How self-centred learning will help the modern day student

Grace Ishimwe, 20, is a Rwandan-US based student pursuing a degree in psychology and business in Texas. Talking to Education, she narrates how she realised student centred learning is a skill needed in modern day education.  

“When I joined university after high school, I honestly didn’t remember much of what I had studied,” she says.


Ishimwe was accustomed to teacher- centred learning in Ruhango District, where she was pursuing a diploma before going to the US.


“I went to the university with so many expectations but I was disappointed. It felt like students were at the mercy of lecturers like in high school,” she says, adding, “This is because we only studied when teachers were available and when they were not, we didn’t,” she explains.


A student reading a book. Learners are asked to keep up with their studies through research of new topics. Net photo.

When Ishimwe went to the US, she was able to appreciate the difference between the teaching systems, noting that the learner- centred approach was better.

“Teachers used to provide us with everything, here in the US, it has changed and a student is required to make effort to get things done as a teacher gives little guidance, and I appreciate that,” she adds.

In Rwanda, all students of private and public schools are keeping track of their studies at home after schools closed on March 15.

The development was announced in the wake of the coronavirus pandemic following the country’s first confirmed case on March 14.

This was followed by the country’s lockdown that was extended twice.

At the beginning of the lockdown, students were asked to keep revising their studies with optimism that the pandemic would be contained eventually.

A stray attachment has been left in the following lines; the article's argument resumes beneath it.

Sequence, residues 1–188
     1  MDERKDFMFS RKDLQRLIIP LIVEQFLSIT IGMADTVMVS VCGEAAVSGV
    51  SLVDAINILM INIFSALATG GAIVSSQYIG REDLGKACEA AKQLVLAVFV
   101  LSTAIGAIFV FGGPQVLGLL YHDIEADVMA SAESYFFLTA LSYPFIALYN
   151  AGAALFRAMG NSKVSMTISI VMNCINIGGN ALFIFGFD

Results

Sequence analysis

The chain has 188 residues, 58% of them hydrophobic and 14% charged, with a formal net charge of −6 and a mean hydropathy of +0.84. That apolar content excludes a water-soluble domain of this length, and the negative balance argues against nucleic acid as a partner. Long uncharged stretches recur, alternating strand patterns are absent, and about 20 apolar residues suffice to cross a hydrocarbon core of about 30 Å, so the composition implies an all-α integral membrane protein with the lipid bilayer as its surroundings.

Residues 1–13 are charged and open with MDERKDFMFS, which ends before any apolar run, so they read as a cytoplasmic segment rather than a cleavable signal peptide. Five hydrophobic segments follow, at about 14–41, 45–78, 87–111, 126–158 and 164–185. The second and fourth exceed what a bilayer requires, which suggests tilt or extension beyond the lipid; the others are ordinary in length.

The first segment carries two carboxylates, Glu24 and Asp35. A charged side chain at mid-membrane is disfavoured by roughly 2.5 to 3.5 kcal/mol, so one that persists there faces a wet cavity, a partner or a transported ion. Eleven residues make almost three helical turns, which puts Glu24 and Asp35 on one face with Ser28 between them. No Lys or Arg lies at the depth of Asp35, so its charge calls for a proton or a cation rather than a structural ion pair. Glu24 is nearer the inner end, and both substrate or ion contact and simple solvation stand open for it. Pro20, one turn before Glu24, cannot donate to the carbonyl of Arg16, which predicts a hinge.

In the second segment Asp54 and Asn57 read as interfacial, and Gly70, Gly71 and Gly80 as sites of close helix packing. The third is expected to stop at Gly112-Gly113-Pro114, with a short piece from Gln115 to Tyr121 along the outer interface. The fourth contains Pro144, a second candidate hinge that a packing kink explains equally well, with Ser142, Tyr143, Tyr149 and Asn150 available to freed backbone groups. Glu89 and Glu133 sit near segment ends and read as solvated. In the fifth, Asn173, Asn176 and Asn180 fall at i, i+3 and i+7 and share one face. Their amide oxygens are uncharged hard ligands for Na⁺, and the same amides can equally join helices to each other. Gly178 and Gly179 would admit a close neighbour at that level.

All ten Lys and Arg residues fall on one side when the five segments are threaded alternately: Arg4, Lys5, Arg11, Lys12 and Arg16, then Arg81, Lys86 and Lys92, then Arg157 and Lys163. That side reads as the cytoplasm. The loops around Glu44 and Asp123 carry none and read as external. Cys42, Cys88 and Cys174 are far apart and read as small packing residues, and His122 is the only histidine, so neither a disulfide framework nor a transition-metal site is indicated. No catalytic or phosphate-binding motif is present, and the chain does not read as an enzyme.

However, as the lockdown persists, students are being asked to keep up with their studies through research of new topics that have not been covered yet.

“As no one is sure when the lockdown will end, we are advising students to pass through content that has not been covered yet. If students have now spent a month at home, they have had enough time to revise, and it would be wise to start looking in new modules for those who have the resources,” says Irénée Ndayambaje, Director General of Rwanda Education Board.

This turns attention to a student’s self- centred learning approach which has been the dominant educational model over the last several years (incorporated in the competence-based curriculum).

In this model, like Ishimwe experienced, students carry out research and read class content, with the teacher acting as a mere “facilitator”. But why is this approach particularly good for today’s learner?

Despite the traditional model of education embraced previously, educators expect that self-centred learning will help because it doesn’t just pour information in the child’s mind.

“This is different from simply pouring information to students. It is characterised by students making research, and coming up with their solutions,” says Epimaque Rudakubana, a chemistry facilitator at Byimana School of Sciences.

“Hence, instead of a student waiting for the teacher, he/she does research which entails digging deep and understanding things,” he adds.

This, he explains, involves not telling students what to think, rather, they “discover” the new information and come up with solutions instead of passively waiting for the teacher’s answers.

To some students who have started embracing the latter, it helps them move ahead when they have demonstrated mastery of content, not when they’ve endured the required hours in a classroom.

“It allows you to really understand the topic of the subject matter as we are not on pressure of anyone’s pace,” Speciose Giciro, a head prefect at College Saint Andre says.

For some parents, like Grance Nkundwakazi, it promotes several other skills like reading, sense of responsibility, and it reduces laziness.

“The uniqueness of this particular model is that it makes students mature, they become responsible, shun laziness and become accountable for their academics,” she says.

Education experts assert that this coronavirus break can be a good time for students to enjoy the benefits of learner-centred education, despite the traditional mode of teaching assumed that learners are ‘empty vessels’ to be filled with knowledge. The model, they say, empowers the learner to take centre-stage, and instils in learners critical thinking, innovation and creativity.

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